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It was so far my most challenging but also kind of most rewarding experience of guiding up a group of motivated hikers up Tajumulco. I went through the whole trip in my head again, what could happen or what decision I took and those trips are also the one I but also our hikers learn the most. What gear is the right gear, which routes to take, how far your body and mind can go? 

Back to the present trip. I was happy arriving at the basecamp after struggling that much. We have a fast group, never have I been that early at basecamp which also means, I definitely have time for a nap after lunch and set up the tents. We have no wind and the sun is beating down strong. Just four days later, instead of having water drops coming down from the pine trees due to the clouds, I have to make sure not getting a sunburn. Instead of standing and touching clouds, we have a clear view. I let the group watch the sunset with the other guide which is also the first time and went back to basecamp to prepare the hot drinks and also have a few minutes for myself. After dinner, everyone retreats back to their tents and I stay outside with the flickering fire and glowing embers, burning our prep-sheet of yesterday, my little ritual.

My watch vibrates as usual at 3:45 and this time, I wake up everyone and none is staying back. As we reach the summit, the first bit of orange is painting the edge of the horizon. As usual, I am telling everyone to find a nice spot to lay down their sleeping pad and get in their sleeping bags. After handing out the “summit-cookies”, I walk to my usual spot and instead of watching the sunrise I fall asleep right away. I dream of my past job, finishing kind of my last tasks as I wake up to a bright sky. The sun has been already up for 30min and everyone already packed up. That’s when I realize again, how tired my body and mind is. We went back the along the ridge to basecamp, have breakfast and decent the moment. At a viewpoint and our “Instagram” spot and explaining everything about the volcanos we see, I take a couple more minutes saying nothing and let everyone and myself embrace and inhale the moment.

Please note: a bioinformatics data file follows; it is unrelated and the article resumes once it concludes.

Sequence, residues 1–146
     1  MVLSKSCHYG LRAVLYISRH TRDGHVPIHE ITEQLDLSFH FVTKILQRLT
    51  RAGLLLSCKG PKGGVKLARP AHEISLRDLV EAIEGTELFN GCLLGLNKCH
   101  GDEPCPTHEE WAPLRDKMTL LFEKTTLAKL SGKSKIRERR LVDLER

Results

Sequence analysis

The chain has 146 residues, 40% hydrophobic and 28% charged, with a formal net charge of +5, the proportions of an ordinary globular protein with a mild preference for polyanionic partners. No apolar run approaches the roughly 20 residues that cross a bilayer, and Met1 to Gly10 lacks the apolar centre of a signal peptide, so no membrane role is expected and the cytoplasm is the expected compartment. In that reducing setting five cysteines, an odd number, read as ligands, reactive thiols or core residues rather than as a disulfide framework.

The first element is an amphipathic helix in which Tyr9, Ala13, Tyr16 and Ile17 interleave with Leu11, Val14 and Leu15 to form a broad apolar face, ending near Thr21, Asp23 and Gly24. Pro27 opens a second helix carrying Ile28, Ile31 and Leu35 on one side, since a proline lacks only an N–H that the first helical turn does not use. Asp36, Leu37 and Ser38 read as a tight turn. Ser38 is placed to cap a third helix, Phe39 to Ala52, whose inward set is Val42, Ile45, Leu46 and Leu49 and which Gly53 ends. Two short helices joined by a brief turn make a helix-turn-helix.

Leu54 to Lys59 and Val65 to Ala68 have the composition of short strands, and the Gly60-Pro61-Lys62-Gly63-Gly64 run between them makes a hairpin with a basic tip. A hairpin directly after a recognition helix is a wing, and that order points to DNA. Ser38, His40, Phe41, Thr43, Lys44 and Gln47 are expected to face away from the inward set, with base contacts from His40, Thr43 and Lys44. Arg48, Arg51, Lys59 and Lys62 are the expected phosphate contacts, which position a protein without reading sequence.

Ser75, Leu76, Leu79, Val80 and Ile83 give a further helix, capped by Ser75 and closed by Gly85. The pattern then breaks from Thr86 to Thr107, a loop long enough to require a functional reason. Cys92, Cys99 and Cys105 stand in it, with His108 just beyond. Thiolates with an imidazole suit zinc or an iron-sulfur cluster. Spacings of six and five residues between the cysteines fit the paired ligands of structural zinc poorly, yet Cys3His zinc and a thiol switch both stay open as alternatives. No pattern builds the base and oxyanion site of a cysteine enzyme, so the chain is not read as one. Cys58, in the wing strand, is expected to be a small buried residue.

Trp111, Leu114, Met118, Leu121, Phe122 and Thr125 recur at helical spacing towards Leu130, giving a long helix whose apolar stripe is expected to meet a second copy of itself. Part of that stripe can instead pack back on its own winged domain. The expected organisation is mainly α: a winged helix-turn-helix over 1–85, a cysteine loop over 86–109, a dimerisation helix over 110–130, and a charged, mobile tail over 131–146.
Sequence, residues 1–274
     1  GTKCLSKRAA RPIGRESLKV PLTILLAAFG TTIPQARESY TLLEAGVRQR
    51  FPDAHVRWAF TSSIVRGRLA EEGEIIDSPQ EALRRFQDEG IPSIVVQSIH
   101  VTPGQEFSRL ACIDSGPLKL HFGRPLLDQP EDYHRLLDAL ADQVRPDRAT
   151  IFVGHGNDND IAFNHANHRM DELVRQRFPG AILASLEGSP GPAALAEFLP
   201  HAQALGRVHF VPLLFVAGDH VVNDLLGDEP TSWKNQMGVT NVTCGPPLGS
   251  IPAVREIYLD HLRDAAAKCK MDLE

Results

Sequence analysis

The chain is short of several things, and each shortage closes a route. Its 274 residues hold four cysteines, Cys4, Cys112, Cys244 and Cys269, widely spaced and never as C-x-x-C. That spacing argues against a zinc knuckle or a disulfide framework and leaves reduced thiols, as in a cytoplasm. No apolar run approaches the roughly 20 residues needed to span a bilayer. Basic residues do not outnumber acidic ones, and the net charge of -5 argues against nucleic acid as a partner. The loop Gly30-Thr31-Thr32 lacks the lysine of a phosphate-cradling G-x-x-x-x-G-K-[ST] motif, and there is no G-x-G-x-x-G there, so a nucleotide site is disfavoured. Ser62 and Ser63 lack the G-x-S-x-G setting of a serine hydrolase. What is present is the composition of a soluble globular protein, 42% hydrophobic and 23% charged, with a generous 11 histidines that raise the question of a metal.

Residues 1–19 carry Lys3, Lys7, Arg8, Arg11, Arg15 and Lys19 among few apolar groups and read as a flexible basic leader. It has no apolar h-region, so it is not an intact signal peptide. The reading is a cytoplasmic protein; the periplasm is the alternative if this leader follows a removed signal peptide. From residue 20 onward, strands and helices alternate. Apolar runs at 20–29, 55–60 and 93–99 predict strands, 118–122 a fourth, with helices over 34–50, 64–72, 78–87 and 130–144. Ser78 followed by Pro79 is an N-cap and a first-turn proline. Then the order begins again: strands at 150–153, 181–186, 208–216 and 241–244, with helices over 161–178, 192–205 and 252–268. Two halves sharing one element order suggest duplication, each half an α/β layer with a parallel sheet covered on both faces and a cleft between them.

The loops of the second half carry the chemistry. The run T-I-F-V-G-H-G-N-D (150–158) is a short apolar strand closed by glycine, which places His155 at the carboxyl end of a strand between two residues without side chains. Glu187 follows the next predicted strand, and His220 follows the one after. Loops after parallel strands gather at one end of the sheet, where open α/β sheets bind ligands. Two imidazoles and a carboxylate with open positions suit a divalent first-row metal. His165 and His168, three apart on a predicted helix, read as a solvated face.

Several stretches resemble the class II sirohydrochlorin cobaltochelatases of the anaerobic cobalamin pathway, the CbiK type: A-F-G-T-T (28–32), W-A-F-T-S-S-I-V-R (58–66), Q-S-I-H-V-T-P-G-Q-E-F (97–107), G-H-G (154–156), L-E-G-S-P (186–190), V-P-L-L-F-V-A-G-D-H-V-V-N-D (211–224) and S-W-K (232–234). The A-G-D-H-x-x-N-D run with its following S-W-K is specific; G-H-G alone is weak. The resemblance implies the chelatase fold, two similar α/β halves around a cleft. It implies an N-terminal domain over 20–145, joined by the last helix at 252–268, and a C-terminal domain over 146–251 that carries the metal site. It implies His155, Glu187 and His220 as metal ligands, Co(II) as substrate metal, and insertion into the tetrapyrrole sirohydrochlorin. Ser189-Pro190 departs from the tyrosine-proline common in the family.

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On the way back to Xela after a great trip

Feeling my tired body and mind, I still have a warm smile on my face, thinking back of all the people I met, conversations I had, experiences I made, funding for the school I helped to gain, kids I saw smiling as we meet them and moments of freedom I felt. I feel it when I am sitting at the fire, waiting for the water to boil, every sunsets/rise I am watching, hugs and smiles from our clients and all that makes me happy doing what I do.

Heres to all who joint so far my guided trips to the top of Central America!